We can restate the basic issues of the withdrawn post. My model of world history doesn’t indulge in ‘dialectic’ arguments. Instead it is a kind of ‘phenomenological’ model based on a discrete/continuous logic, taken empirically. The result is an unexpected theoretical hypothesis that is quite remarkable, and this can be taken as a rough guide. And this approach clearly shows a form of directionality, one that is a remarkable hybrid of a teleological and non-teleological system. How can that be? A system that seems to operate in a set of steps can change direction and free agents can slowly take control of the process, etc, so the statement is much less paradoxical than it seems.
Instead of ‘stages of production’, viz. feudalism to capitalism to communism we see larger intervals of epochs with transitions at their start. In this system capitalism has been gestating throughout history but suddenly crystallizes around the time of the industrial revolution into what seemed like a new stage of history. But it is not useful to consider capitalism a stage of history. It condemns us to a dynamic so claimed from which we have no escape. It is better to see capitalism as an economic process inside a larger system and one in which we can act as free agents. We are free at any time to move beyond capitalism: we don’t have to endure all possible horrors of that economic ad hoc process/phase.
That’s it: we don’t have to get fancy with a dialectical argument, kantian antinomies (a very useful consideration however), or differential stages. (The latter idea could be reworked, but let’s keep things simple).
We need to move into a new economic civilization and it is important to see the way some definition of (neo-) communism foots the bill, but that must be a clear and coherent proposal that can really do the job. We have tried many times to define something relevant here. There is an ironic aptness to Marx’s thinking nonetheless: postcapitalism is beginning to seem more and more inevitable to many. If Marx’s dynamical argument was flawed his basic point is clear. The phase of dominant capitalism is doomed to come to some end. We can see the issue from many angles, from the question of growth to that of climate change. And there is no reason why a version of Marx’s stages of production theory (as an ex-theory) can’t be embedded in our larger model of history, as long as it is an empirical argument for the logical inevitability of communism. The ‘macro model’ allows free agents to create such an outcome.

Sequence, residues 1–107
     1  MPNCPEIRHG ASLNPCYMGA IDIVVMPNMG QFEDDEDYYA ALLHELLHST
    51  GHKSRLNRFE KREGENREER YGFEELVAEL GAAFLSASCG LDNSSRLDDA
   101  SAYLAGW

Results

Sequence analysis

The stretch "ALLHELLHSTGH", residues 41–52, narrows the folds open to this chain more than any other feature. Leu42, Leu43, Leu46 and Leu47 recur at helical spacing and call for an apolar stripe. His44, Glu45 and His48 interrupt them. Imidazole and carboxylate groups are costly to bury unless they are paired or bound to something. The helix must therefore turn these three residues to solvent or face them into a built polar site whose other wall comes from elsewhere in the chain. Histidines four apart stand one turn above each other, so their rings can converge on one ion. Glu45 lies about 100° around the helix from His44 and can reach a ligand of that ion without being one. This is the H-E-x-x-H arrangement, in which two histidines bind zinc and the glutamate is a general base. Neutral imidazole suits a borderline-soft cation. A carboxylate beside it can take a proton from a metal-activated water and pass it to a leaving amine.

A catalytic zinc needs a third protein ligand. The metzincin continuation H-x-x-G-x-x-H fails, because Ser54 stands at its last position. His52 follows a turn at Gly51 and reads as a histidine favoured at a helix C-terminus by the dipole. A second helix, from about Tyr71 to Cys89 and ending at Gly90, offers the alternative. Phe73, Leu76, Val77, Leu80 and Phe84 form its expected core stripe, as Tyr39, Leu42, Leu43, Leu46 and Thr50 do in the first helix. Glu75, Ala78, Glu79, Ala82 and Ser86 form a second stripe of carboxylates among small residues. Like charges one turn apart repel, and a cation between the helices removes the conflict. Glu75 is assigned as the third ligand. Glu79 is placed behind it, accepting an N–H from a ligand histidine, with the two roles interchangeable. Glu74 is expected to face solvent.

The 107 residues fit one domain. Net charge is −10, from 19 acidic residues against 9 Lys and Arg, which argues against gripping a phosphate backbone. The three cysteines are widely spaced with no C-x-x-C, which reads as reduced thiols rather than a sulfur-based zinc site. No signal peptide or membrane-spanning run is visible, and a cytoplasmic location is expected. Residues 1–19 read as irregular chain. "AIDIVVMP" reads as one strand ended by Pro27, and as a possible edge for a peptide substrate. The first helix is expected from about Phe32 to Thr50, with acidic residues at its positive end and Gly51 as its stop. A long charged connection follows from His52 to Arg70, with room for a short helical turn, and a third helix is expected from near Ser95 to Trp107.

Capitalism is not really a stage of history entailed by a dynamical logic. It is a set of experiments with ‘markets’ that has a statistical argument in its favor as to issues of development and globalization. But we can see the inherent limits of its basic logic and the marxist argument falls into a trap of thinking capitalist logic is entailed by a hidden teleological argument of its own. But that reasoning should be set aside as we elect as historical free agents to move beyond capitalism, a motion that need not be absolute. The issue of communism for us is foundational, the question of markets secondary. The current idea that any regulation of markets is wrong is a remarkable delusion. We can see that to the contrary free markets are an exception in history and will rapidly demand a counterprocess bringing them under control.